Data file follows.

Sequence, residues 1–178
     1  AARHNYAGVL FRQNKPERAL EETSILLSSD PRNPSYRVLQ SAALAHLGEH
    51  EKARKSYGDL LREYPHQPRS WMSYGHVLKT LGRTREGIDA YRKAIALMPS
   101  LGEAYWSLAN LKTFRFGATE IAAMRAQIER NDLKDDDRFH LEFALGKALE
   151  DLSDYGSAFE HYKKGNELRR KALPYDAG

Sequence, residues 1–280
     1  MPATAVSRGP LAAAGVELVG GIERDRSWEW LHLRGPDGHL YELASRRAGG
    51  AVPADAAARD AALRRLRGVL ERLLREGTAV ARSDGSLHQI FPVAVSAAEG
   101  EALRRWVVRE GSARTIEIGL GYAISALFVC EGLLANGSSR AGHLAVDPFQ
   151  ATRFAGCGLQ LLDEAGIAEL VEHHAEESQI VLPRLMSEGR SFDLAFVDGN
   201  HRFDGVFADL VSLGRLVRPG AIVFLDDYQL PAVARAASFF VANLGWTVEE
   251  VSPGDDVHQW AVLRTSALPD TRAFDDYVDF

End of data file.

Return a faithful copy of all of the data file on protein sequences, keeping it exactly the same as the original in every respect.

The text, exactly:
Sequence, residues 1–178
     1  AARHNYAGVL FRQNKPERAL EETSILLSSD PRNPSYRVLQ SAALAHLGEH
    51  EKARKSYGDL LREYPHQPRS WMSYGHVLKT LGRTREGIDA YRKAIALMPS
   101  LGEAYWSLAN LKTFRFGATE IAAMRAQIER NDLKDDDRFH LEFALGKALE
   151  DLSDYGSAFE HYKKGNELRR KALPYDAG

Sequence, residues 1–280
     1  MPATAVSRGP LAAAGVELVG GIERDRSWEW LHLRGPDGHL YELASRRAGG
    51  AVPADAAARD AALRRLRGVL ERLLREGTAV ARSDGSLHQI FPVAVSAAEG
   101  EALRRWVVRE GSARTIEIGL GYAISALFVC EGLLANGSSR AGHLAVDPFQ
   151  ATRFAGCGLQ LLDEAGIAEL VEHHAEESQI VLPRLMSEGR SFDLAFVDGN
   201  HRFDGVFADL VSLGRLVRPG AIVFLDDYQL PAVARAASFF VANLGWTVEE
   251  VSPGDDVHQW AVLRTSALPD TRAFDDYVDF